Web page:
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[Help-bash] Assigning builtins behavior

From: Quentin L'Hours
Subject: [Help-bash] Assigning builtins behavior
Date: Sun, 7 Jan 2018 13:10:57 -0800
User-agent: Mozilla/5.0 (X11; Linux x86_64; rv:52.0) Gecko/20100101 Thunderbird/52.5.0


I've always thought builtins could not have a custom parsing, however it seems that export/readonly/declare/local (all the builtins creating an assignment) are able to disable field splitting when an assignment takes place, why is that? I know a simple assignment disables field splitting, but after all that's because the grammar states it should, but doesn't POSIX requires all simple commands to have the same splitting behavior?

bash$ foo=$(echo 1 bar=2)
bash$ echo "$foo"
1 b=2

This is logic, simple assignment doesn't triggers field splitting, that's the rule.

bash$ set a=$foo
bash$ echo "$1"

This is logic too, field splitting happens as expected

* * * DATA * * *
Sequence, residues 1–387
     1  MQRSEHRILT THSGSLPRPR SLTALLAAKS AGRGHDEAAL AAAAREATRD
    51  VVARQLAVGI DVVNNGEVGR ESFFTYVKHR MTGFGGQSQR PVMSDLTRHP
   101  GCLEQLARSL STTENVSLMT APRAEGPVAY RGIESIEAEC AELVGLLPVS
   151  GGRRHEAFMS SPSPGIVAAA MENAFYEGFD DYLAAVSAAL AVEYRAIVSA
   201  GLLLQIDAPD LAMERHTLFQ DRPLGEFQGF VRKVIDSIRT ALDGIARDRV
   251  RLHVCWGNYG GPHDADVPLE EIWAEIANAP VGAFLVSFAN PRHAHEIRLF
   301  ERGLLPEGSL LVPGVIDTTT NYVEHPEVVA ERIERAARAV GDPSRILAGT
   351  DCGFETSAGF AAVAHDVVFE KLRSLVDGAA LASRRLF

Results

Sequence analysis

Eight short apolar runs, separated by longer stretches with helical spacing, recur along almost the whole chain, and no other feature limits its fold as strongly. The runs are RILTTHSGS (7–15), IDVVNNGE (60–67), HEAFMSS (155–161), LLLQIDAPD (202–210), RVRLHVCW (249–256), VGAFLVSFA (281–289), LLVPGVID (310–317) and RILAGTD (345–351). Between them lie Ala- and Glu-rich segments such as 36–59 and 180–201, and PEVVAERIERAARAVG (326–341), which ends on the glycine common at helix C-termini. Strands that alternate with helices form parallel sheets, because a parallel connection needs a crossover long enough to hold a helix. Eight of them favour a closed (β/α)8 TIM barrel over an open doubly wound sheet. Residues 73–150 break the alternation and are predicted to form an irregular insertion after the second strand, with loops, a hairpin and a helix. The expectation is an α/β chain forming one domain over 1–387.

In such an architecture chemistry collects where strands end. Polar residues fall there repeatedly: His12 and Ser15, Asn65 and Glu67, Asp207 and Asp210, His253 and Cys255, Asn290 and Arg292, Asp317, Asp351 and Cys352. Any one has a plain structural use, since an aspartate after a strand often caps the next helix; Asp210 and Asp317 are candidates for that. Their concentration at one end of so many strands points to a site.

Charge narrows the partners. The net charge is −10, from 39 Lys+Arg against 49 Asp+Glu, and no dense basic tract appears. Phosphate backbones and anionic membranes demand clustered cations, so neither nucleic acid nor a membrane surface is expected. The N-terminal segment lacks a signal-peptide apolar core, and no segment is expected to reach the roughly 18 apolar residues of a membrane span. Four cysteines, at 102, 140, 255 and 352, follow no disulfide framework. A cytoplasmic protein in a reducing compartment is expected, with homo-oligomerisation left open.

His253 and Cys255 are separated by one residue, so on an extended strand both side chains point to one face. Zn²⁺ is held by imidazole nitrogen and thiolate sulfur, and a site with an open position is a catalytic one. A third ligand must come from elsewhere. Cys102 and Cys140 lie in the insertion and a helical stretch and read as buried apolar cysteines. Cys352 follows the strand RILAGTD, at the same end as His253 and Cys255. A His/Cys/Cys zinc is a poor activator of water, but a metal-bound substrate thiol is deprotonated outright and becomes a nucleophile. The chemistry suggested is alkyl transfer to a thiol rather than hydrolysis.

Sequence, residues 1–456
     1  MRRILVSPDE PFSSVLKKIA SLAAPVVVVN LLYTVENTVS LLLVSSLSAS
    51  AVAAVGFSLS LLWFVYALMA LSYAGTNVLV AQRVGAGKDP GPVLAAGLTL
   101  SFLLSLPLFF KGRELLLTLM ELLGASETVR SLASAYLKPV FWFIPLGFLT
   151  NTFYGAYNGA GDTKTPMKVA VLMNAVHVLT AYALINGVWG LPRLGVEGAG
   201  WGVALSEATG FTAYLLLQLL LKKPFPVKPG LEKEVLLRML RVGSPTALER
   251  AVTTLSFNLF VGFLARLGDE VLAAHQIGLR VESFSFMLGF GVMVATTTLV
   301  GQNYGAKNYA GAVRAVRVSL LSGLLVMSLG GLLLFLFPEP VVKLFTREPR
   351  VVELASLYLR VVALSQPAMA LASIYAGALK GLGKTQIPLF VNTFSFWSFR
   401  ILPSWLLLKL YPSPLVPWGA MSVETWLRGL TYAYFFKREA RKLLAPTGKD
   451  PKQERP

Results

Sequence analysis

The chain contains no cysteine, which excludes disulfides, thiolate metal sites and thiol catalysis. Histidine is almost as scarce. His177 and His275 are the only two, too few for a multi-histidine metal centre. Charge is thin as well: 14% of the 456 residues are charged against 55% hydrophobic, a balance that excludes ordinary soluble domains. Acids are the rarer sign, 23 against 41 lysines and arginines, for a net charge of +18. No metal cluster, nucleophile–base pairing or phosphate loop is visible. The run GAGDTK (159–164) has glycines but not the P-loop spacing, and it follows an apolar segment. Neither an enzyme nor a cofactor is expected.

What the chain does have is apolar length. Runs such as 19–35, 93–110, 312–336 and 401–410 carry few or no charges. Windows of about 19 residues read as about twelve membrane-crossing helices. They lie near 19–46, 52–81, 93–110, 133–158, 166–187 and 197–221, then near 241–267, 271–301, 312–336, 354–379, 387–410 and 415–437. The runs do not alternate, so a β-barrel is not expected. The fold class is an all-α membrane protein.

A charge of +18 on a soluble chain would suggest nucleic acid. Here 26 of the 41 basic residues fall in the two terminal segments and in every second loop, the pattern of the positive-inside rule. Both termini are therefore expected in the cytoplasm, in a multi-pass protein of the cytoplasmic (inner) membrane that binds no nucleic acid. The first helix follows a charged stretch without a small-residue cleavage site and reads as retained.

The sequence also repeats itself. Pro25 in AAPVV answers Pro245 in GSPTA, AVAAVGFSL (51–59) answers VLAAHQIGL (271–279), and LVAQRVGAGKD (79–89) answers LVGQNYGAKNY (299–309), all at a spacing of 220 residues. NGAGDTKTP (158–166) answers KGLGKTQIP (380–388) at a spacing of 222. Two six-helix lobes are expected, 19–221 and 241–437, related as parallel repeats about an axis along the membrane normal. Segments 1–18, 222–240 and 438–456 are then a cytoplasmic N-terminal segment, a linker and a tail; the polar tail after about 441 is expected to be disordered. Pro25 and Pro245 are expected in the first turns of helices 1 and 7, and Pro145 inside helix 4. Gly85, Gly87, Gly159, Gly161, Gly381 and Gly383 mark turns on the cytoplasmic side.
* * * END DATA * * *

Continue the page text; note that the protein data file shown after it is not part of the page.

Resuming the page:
bash$ readonly a=$foo
bash$ echo "$a"
1 b=2

Why? I know simple assignment doesn't split but I would have thought this should still follow the simple commands arguments expansion and thus should do 2 assignments. I mean builtins shouldn't be able to have their custom parsing, if they do then they should be classified as keywords (like [[ ]]). What should be the POSIX way of doing things? Is this a bash extension?

As a side note ksh has the same behavior, but dash follows what I thought would be the "normal" behavior:

dash$ foo=$(echo 1 b=2)
dash$ readonly a=$foo
dash$ echo "$a"
dash$ echo "$b"



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